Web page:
West Bridgford-based The Friary have been honoured with The Queen’s Award for Voluntary Service for 2017, the highest award a voluntary group can receive in the UK and the equivalent of an MBE.
The Friary works locally to end homelessness and as a UK registered charity relies heavily on a team of volunteers to supplement the work of its staff.
The Friary is supported, recognised and respected by the local community which benefits from the services it runs locally.
To receive The Queen’s Award, the Friary has been recognised by a local assessment panel and nominated to be sent to the National Award Committee.
The committee then made a recommendation to the Cabinet Office, which sent a final list to the Queen for her approval.
The Queen’s Award for Voluntary Service is the highest award given to local volunteer groups across the UK in recognition of outstanding work in their communities.
The founder and general manager of the Friary Ann Bremner MBE attended a Garden Party at Buckingham Palace earlier in the month following the nomination.
Ann will receive the award on behalf of the Friary and is delighted to have acknowledgement of the previous and ongoing volunteer activity.
The staff at the Friary say they have been very aware for many years of the unsung contribution by local volunteers and this is tremendous recognition of the many hours donated by local people to enable the charity to function smoothly and maintain a welcoming environment for those in need.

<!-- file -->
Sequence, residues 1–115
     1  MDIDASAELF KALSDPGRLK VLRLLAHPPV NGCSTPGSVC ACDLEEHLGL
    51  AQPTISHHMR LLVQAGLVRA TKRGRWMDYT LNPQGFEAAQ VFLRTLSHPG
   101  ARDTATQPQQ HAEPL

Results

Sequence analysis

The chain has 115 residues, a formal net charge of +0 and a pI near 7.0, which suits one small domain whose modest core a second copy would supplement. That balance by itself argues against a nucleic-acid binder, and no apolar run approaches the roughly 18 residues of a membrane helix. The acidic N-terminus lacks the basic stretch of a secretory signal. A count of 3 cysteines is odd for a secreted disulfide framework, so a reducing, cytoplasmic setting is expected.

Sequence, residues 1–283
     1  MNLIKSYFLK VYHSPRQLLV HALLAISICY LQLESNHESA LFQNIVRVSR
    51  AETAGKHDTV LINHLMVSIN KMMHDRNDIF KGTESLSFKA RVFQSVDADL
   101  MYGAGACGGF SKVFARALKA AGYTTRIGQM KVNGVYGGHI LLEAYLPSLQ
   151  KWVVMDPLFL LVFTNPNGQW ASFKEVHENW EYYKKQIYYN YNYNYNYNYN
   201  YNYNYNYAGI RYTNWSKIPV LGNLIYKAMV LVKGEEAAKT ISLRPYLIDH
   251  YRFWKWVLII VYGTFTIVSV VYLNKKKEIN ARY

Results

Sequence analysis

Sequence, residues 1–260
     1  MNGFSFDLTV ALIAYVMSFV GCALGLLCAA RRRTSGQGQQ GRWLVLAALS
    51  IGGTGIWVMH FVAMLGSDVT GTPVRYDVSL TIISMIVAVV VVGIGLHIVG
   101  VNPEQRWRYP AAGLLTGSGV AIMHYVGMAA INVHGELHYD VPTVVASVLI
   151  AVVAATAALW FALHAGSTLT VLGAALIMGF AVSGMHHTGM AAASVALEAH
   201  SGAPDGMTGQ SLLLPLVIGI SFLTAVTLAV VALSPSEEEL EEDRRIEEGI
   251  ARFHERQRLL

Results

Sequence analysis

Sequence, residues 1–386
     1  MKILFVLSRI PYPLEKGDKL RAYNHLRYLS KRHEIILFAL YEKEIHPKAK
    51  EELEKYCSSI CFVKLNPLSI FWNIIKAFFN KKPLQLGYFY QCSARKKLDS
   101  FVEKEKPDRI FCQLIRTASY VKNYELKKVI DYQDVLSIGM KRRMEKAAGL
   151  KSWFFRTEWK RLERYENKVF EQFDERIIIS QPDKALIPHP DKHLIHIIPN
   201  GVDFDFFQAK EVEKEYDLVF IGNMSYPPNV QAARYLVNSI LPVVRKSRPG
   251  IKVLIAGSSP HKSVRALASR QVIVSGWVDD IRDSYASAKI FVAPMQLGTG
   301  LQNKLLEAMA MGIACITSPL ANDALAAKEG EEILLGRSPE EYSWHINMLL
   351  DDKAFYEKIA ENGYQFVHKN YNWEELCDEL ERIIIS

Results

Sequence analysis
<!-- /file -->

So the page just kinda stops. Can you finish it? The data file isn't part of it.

If you have been involved with volunteering activities at the Friary, recently or over the years, then the staff and trustees of the Friary wish to extend their thanks to you for your invaluable contribution.
Robin Lund, chair of Friary Board of Trustees, said: “Trustees and staff are all absolutely delighted that the Friary has been chosen to receive this prestigious award as it is recognition of the valued contribution made by our teams of local volunteers over many years.
“The substantial difference local volunteers make working in the office, the Centre, Ludlow Hill depot, and the allotment is essential in maintaining our advisory and practical services that help homeless and vulnerable people re-connect with the norms of living in the community.
“Recognition is also due to my fellow trustees who are all volunteers in their own right for the generosity of their professional time and unselfish concerns over the welfare of our service users.”